I must speak Chinese.

Posted by James Quarello, Connecticut Home Inspector (JRV Home Inspection Services, LLC) over 7 years ago

This is a weird trend Jim.  How can a contractor not understand what I am asking him to do and then say he looked at something different?

Another funny thing - this house is 31 years old so the liklihood that there are hurricane straps is really minimal.  And you couldn't see them anyway from the second rung of a ladder while peering into the attic.  What was he looking at and CALLING hurricane straps?

Posted by Jay Markanich, Home Inspector - servicing all Northern Virginia (Jay Markanich Real Estate Inspections, LLC) over 7 years ago

Hi Jay - You must be speaking the wrong dialect of Chinese.  Perhaps you were speaking Cantonese and the repair people only understood Mandarin or another dialect.

Posted by FN LN over 7 years ago

Jay,

Enjoyed your courteous rant. Maybe the next business tool you invest in should be a stack of Day-Glow Post-a-Notes preprinted with "FIX THIS" and placed on the infraction.

Posted by Brad Rachielles, REALTOR, CDPE, Upland, CA (CENTURY 21 Peak, Ca BRE# 01489453) over 7 years ago

Oh cool, a bi-lingual home inspector! Add that to your arsenal of skills Jay.

Posted by Tom Arstingstall, General Contractor, Dry Rot, Water Damage Sacramento, El Dorado County - (916) 765-5366, General Contractor, Dry Rot and Water Damage (Dry Rot and Water Damage www.tromlerconstruction.com Mobile - 916-765-5366) over 7 years ago

That has to be it Marc.  Certainly my Spanish wouldn't impress them... that would be too easy to translate.

When they do walk throughs on new construction Brad, my clients put little pieces of blue tape in places needing attention!  I have a roll of blue tape with me.  Actually I just observe and report - I don't tell people what to do.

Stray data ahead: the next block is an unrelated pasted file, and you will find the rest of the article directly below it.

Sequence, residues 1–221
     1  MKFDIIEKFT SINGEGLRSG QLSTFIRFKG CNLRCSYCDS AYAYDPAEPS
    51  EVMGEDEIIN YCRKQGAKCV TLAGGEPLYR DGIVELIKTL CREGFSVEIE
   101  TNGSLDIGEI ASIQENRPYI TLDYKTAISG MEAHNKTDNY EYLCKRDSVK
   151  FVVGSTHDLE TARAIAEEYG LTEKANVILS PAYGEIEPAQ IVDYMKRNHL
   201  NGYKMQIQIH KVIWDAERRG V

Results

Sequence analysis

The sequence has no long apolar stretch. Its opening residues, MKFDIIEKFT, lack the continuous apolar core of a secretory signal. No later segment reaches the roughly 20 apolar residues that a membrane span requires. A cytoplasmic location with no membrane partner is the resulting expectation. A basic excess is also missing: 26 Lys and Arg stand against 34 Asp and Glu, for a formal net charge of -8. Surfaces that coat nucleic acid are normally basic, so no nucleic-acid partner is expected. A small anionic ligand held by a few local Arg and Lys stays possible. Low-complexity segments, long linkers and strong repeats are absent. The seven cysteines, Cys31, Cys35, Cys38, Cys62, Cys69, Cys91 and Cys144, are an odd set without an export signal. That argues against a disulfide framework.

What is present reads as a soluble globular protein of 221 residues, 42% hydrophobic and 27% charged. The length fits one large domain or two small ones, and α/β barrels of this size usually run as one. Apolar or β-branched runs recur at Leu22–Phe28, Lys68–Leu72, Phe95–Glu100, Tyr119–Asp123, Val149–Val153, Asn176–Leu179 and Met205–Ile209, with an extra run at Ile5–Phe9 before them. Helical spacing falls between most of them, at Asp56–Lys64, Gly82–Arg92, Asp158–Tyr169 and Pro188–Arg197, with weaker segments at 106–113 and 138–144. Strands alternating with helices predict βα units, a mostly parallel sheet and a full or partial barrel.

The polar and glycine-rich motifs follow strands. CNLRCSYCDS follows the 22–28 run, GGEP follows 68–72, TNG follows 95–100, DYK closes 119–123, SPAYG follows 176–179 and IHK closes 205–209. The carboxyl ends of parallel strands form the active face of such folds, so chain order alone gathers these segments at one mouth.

I do speak Spanish very well Tom, but my Chinese is seriously lacking!  If it can't be translated to English, that is lacking, for sure.  Do you know what sheathing is?

Posted by Jay Markanich, Home Inspector - servicing all Northern Virginia (Jay Markanich Real Estate Inspections, LLC) over 7 years ago

My conclusion is that there are lots of fools out there. We refer to others and, often, those who end up getting the referrals are totally unqualified to be doing what they are doing. I once had a roof with rotting and soft comp shingles blowing off all over, multi-layer, and the roofer told the people it was good for 8 to 10 years. Oh well, I did what I had to do and they can call him when more shingles are in the yard than on the roof. I hat re-inspects. 8 times out of ten nothing was done or an amateur made it worse.

Posted by Steven L. Smith, Bellingham WA Home Inspector (King of the House Home Inspection, Inc.) over 7 years ago

That wasn't the contractor you were speaking to, though it was likely one of his employees. Most of us have fence posts smarter than that.

Posted by Robert Butler, Montreal Home Inspector | Aspect Inspection (Aspect Inspection) about 7 years ago

Mason - you are developing well!  I am impressed!  You are right of course.  I don't do a lot of these, only a few a year, but they are all adventures.  The world is full of air heads, methinks.

Robert - no it was him!  And, interestingly, there were about 15 fence posts he was supposed to take care of and had not.  When reminded, he said he was going to do it just that afternoon!  Amazing that it had always been scheduled thus!

Posted by Jay Markanich, Home Inspector - servicing all Northern Virginia (Jay Markanich Real Estate Inspections, LLC) about 7 years ago

Jay this is a truly worthy rant.  The last time I heard about a man wanting to learn chinese (for any reason other than wanting to do business with the chinese people), it was an 86 year old math scientist who wanted to "stretch" his brain...  however, I do not think he used software  to do it ;-)

Posted by Chris Smith, South Simcoe, Caledon, King, Orangeville Real Esta (Re/Max Chay Realty Inc., Brokerage) about 7 years ago

Chris - I just wish people understood my English!  Apparently not.  Maybe I should use my Quechua on them...  yanga shimita parlanimah.

That means, I speak Indian word.

Posted by Jay Markanich, Home Inspector - servicing all Northern Virginia (Jay Markanich Real Estate Inspections, LLC) about 7 years ago

Gosh, Jay, I hope the remediation company was not ServePro -- they tout themselves as mold remediation experts in Northern Virginia, yet seem to have a very difficult time recognizing mold and/or the standard for remediation . . .  at least that was my experience.  Guessing you're correct -- I must have been speaking Pig Latin!